Mick Flanagan reports on the trout fishing on Lough Owel…
I am nearly sure we featured these two Trim anglers some years back coming from Sheelin after landing a few nice fish on the dap during the May Fly. The lads told me the photograph was printed onto their Mugs for the old cup of tea. Well this time around the deadly duo from Trim Henry Sheridan and John Gantly were enjoying a day on Owel last Saturday.
It was a beautiful day, not unlike a July or August day with brilliant sunshine and flat calm conditions. Not ideal conditions for trout fishing, but some lovely fish were caught and a huge number of fish were showing on the surface. John Gantly and Henry Sheridan had two lovely Owel fish the best well over 2lbs. I also had a bit of luck and boated a nice fish, and the photograph just shows what conditions were like. News of Owel producing such quality fishing will surely have had many anglers out this St. Patrick’s weekend. Lough Owel Trout Preservation Association is open for membership, and if you drop into David O’Malley in Dominick Street he will sort out all you need for Owel, including what flies and lures are working.
Lough Owel Trout Preservation Association recently presented Mullingar angler Philip Keena with a study grant. Philip is well known on the angling scene, and is doing his 4th year in GMIT studying marine and freshwater biology. In the past few season Philip has taken scale samples from trout on Owel and Lene, and has learned a lot about growth rate in wild fish, and also the how stocked fish settle into our lakes.
On Owel he identified some wild brown trout, the oldest at 5 years old. Also his research on stocked rainbows on Lene, and brown trout from Owel was interesting, and having taken samples from fifty-four fish found some were reaching the 4 years old mark. Philip reckons this is a good sign that these fish are over wintering. Philip told Angling Focus that one of the main reasons he wanted to do this research is because there is no monitoring like this taking place regularly on Irish lakes and I think if done regularly on a larger scale we could learn a lot more about the fish we are stocking into the lakes and how they are adapting to the lakes [Ed: Inland Fisheries Ireland does conduct similar research during its National Research Survey Programme in which over 300 lakes, rivers and estuaries are surveyed to establish their ecological status for the WFD reporting cycle. Although the focus is often on wild fisheries and wild fish populations, surveys have been conducted on both Lough Lene and Lough Owel every three years since 2007: Lough Lene was surveyed in 2007, 2010, 2013, and Lough Owel was surveyed in 2008, 2011, 2014 and 2015. Scale samples are taken from trout as well as other species for ageing and back-calculation of growth rates, and there are breakdowns of brown trout age structure in these reports. Results can be found here: www.wfdfish.ie] . This is a very interesting study on our trout stocks on Owel and Lene, and we will be keeping in touch with Philip and wish his all the best on his 4th year in GMIT.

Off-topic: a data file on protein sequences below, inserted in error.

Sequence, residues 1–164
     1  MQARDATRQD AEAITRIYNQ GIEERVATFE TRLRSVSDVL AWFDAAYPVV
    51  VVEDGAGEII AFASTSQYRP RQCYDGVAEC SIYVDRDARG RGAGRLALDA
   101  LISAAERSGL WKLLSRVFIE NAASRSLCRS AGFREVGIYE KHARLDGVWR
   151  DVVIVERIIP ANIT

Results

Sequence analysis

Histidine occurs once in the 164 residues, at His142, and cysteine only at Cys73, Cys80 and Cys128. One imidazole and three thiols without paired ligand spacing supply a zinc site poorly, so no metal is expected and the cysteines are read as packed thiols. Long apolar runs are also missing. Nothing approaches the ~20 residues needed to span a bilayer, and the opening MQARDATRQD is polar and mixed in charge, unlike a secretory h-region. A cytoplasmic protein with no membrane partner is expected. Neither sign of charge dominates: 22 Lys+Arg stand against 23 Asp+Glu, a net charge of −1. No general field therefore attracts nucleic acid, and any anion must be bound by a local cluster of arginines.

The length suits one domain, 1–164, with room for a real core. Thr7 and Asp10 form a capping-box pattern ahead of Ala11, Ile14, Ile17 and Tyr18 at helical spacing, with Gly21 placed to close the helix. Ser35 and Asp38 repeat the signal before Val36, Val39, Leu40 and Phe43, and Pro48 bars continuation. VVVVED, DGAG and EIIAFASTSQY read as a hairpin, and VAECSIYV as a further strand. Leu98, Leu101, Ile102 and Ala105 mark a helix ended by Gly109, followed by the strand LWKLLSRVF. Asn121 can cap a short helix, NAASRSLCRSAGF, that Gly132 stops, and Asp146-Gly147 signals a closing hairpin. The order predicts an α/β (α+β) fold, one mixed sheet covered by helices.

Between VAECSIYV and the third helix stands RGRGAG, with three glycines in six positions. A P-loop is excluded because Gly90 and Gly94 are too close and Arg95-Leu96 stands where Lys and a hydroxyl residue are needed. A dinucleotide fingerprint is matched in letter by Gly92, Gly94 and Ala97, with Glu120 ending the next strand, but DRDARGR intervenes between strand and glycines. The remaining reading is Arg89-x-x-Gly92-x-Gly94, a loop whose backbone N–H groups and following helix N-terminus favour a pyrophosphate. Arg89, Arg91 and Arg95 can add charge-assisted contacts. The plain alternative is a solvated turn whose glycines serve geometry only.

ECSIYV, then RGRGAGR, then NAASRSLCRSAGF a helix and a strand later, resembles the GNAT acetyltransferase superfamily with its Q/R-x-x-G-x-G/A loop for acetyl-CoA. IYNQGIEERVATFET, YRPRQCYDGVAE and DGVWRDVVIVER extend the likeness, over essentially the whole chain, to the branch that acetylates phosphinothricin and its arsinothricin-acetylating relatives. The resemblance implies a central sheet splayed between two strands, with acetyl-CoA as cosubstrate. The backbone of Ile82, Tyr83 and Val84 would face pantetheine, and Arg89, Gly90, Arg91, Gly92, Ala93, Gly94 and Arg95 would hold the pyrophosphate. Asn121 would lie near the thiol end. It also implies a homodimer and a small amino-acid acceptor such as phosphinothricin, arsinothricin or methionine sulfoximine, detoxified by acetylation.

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Midlands Angling provide a top class Guiding service covering many of the top coarse and game waters across the Midlands. Visiting fly anglers have landed some fine trout while out with Midland Angling Guides, pike anglers also recorded some net bursting catches including many pike over 20lbs. Top waters include Lough Ree, Ennell, Owel, Lene, Mount Dalton, and Glore Lake just to mention a few.
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